Our Day 3 experience kicked off in the early morning with a prayer service at Azarat Yisrael, the portion of the Kotel that our community calls home. Eliana Pressman, our Bat Mitzvah celebrant, led us in prayer, read from the Torah, and taught us about treating people according to their needs. Her words were a fitting lesson for a day of meeting others’ needs. Amidst so much celebration (the naming of a 3-month old girl in absentia; conferring a Hebrew name upon Jack and Janet Miller’s granddaughter Julia; Marvin Shapiro’s upcoming 90th birthday; Michael and Bryna Schoenbarts’ 35th anniversary; and Mark Katz’s birthday), we had reminders throughout our day that the best way we can show our gratitude for blessings is by being there for others in need.
Today we marveled at the majesty and mystery of Jerusalem’s holy sites and history. We walked the length of the Western Wall underground, appreciating the architectural feats of 2 thousand years ago in the construction of mikvahs, cisterns and towering walls.
It was the simple acts of kindness, however–literally raising up the fallen, celebrating special moments in life’s cycles, restoring lost items, comforting the bereaved, and feeding the hungry–that truly made this day what it was.
Today, our group of pilgrims and tourists became a community.
As I hand over the group to Rabbi Drill after Shabbat, I am so comforted by the knowledge that a new community within our community has been born. Thank you, God, for giving us life, sustaining us, and bringing us to this moment in time.
Rabbi Craig Scheff
If you read the Orangetown Jewish Center emails, you have seen that we have experienced an inordinate amount of loss in our community in these weeks leading up to Pesach. Answering the needs of every loss in a community includes support for the immediate family, answering the questions of loving friends and acquaintances, advising regarding traditional practices and personal decisions, preparing for a funeral, coordinating shiva houses and minyanim, being present for the mourners in the days and weeks and months following the death. “This must be the hardest part of your job,” say loving, concerned congregants. They ask Rabbi Scheff and me how we cope.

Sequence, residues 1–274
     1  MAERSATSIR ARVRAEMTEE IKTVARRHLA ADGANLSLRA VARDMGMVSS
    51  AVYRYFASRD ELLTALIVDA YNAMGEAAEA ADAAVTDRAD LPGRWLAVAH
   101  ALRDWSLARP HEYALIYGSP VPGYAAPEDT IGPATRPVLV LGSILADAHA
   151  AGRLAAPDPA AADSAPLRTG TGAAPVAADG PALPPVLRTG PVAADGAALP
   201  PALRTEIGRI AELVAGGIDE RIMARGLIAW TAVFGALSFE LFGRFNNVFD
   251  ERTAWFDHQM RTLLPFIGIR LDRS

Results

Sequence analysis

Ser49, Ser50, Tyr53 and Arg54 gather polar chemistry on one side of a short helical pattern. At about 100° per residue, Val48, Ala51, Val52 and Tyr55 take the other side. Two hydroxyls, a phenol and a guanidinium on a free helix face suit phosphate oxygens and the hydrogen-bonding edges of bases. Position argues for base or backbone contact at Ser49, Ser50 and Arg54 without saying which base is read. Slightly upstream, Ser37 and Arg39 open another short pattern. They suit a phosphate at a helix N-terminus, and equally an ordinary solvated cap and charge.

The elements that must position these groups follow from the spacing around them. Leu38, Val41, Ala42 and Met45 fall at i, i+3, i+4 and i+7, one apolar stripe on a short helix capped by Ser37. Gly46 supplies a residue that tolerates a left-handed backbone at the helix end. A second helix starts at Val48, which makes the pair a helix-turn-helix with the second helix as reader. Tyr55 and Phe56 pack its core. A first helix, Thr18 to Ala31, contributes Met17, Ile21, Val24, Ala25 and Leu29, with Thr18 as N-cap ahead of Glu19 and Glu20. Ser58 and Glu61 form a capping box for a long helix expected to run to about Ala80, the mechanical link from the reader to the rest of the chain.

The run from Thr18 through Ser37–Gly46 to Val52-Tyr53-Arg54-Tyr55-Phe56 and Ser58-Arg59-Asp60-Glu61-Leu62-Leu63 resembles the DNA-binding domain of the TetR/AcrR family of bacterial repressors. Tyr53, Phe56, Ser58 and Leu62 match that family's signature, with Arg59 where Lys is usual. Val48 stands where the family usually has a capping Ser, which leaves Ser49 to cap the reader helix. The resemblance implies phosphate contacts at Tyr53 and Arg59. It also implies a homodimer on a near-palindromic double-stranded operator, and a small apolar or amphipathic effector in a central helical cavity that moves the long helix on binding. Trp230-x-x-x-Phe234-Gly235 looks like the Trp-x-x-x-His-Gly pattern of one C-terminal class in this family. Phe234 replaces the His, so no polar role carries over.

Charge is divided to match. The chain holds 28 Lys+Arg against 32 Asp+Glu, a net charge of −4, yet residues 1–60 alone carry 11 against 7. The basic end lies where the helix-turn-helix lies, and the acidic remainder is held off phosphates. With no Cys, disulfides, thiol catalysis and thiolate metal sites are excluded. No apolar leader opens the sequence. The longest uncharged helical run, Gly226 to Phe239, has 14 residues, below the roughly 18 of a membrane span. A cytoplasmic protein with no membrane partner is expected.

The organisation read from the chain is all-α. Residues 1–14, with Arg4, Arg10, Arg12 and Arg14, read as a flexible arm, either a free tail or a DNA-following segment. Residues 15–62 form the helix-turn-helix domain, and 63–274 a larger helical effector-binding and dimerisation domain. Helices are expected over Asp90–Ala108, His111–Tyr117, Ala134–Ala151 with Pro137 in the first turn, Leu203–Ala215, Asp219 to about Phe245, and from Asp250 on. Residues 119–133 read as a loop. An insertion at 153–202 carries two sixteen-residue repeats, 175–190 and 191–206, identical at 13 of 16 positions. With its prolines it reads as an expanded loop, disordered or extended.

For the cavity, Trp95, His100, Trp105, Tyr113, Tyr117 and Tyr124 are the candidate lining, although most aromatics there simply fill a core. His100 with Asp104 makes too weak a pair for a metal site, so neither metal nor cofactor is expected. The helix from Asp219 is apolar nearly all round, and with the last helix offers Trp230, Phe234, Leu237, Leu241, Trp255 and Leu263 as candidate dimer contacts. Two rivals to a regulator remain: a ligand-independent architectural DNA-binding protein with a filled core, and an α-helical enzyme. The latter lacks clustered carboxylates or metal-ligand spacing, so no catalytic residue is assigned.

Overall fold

There are two answers to the question. The first answer is that responding to the needs of a family at the time of loss is one of the holiest things that rabbis do. Families open the doors to their hearts and share their stories with us. They depend on us to answer some of the most important questions that humans can ask. And when we can be helpful, it is indeed sad but also uplifting.
The second answer is unique to our community. And the answer is: This community. Without the OJC community, we would not be able to help our families in the loving, respectful way that we do. Sometimes our president or Krista in the office are the first to know of a death. They respond as part of a team and find one of the rabbis immediately. The Ritual Committee delivers chairs and books, finds davenners, alerts Minyan Captains of the alternate sites for minyanim. In these past three weeks, we cannot thank Steve Richter and Jonathan Cohen enough for their responsible and caring attention to every detail. Sisterhood delivers some food for the condolence meal, Chesed finds out if there are any special needs for each family. And then all of you come out to the homes of fellow congregants. Some of you turn plans upside down in order to be there for another. I cannot remember making very many shiva calls without an OJC congregant coming to pay condolences at the same time. Tomorrow night, we will have four shiva homes in addition to the minyan here at the OJC. Some people are understandably hesitant about going to the home of a mourner they do not know. Not every mitzvah is easy. But the hard thing is almost always the right thing to do.You can be a part of the compassionate outreach of our synagogue by attending one of those minyanim. You might just be the tenth.
If you would like to know of a shiva house that would benefit from your attendance Sunday evening, please email one of your rabbis at Rabbi.Scheff@theojc.org or Rabbi.Drill@theojc.org.